Among the first modern authors, to give principle theoretical foundations to the notion of ‘rule of law’ were Samuel Rutherford in Lex, Rex (1644). The title is Latin for “the law is king” and reverses the traditional “the king is the law”. In 1776, the notion that no one is above the law was popular during the founding of the United States. For example, Thomas Pain wrote in his pamphlet that “in America, the law is king. For as in absolute governments the King is law, so in free countries the law ought to be king; and there ought to be no other.” In 1780, John Adam enshrined this principle by seeking to establish “a government of laws and not of men.” Thus we see that the rule of law came in to satisfy the needs of market economy of the bourgeoisie society. Market can survive only if promises and assurances are upheld in a formal manner. Such bindings should be sacrosanct; thus giving the necessity to take the law away from human personality to be a thing in itself. All government officers of the United States including the President, the Justices of the Supreme Court and all members of Congress, pledge first and foremost to uphold the Constitution. This formality, with a deep meaning, has been adopted in many countries including Lanka. These oaths affirm that the rule of law is superior to the rule of any human leader. The rule of law has been considered as one of the key dimensions that determine the quality and good governance of a country. World over, authorities define the rule of law as: “the extent to which agents have confidence and abide by the rules of society, and in particular the quality of contract enforcement, the police and the courts, as well as the likelihood of crime or violence.” on this definition a government based on the rule of law can be called a “nomocracy.”
It is true that the parliament in general is responsible for making laws and in the form of a constituent assembly it can dismiss the current constitution and inaugurate an entirely new constitution. But having said all that we have to agree that even the parliament and all political organs are bounded by the constitution; the fundamental law of the country. No way can we accept the idea that parliament as the law maker stands above the law of the country. Lankan constitution has empowered the Supreme Court as the sole authority to interpret the constitution. In effect it is a power bestowed by the parliament. In fact it is a privilege of the parliament to be able to consult SC when ever the need arises. If so how can the notice of the SC indicating its participation in an interpretation problem, relevant to the parliament activity, could create a breach of parliamentary privilege issue. On the contrary it is a privilege for the parliament to be notified and there is no room to consider that some kind of a warrant has been issued. The actions of a Select Committee or the Parliament are actions of the government and therefore the court alone has the jurisdiction to review the constitutionality of any such action by a government and advice the political leadership. Government is very sensitive on this impeachment issue as it is aware that its action is completely subjective and vindictive and also at a tangent to the constitution. Government leaders have accepted that this attempt to dislodge the CJ came because of her ruling in the Divi neguma case. Even otherwise it is crystal clear to any body that the decision is political and nothing to do with ethics and morals of CJ. If not they should have brought this out long time back.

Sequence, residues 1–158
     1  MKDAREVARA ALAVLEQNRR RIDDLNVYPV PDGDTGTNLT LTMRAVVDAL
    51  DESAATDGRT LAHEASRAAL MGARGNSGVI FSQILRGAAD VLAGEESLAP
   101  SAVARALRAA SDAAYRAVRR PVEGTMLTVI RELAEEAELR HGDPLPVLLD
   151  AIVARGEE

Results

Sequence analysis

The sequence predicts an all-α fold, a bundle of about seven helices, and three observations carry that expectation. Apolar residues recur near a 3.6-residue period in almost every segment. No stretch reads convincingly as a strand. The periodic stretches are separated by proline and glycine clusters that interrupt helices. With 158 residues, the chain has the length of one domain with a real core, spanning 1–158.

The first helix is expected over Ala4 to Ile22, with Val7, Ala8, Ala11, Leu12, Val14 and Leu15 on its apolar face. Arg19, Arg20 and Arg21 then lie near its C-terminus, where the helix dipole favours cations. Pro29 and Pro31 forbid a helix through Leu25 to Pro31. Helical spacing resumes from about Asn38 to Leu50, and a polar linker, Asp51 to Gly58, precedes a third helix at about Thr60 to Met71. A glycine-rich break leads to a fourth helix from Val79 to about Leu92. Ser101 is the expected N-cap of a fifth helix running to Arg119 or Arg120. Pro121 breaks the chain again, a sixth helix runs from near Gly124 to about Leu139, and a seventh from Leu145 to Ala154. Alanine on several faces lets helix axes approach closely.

Already huge campaign of posters, leaflets and booklets combine with hearsay was launched to discredit Shirani Bandaranayke. It shows that the government has no trust in their own legal strategy and hence resorted to a terror campaign to make her resign and go away. We are told that she is a rogue and a cheat; hence not fit to act as a judge. This campaign shows that impeachment is just a façade to initiate pressure to push her out. Government action has created a reaction that has spread through out the Lankan society. It has drawn the attention of international democratic forces including the trade unions. Here too, trade unions have started a campaign to arrest the villainy of the government. It has disturbed the bourgeoisie society too. Not only lawyers but also other professionals and business mangers have come out condemning the actions of the government. It is the government that has taken the first step to draw this issue in to the streets. Disregarding threats of the government people have come out in support of judiciary. People who were angry over budget proposals are now coming out on this issue which has attracted all classes in society. We must expect a civil unrest that could challenge the authoritarian regime of Mahinda.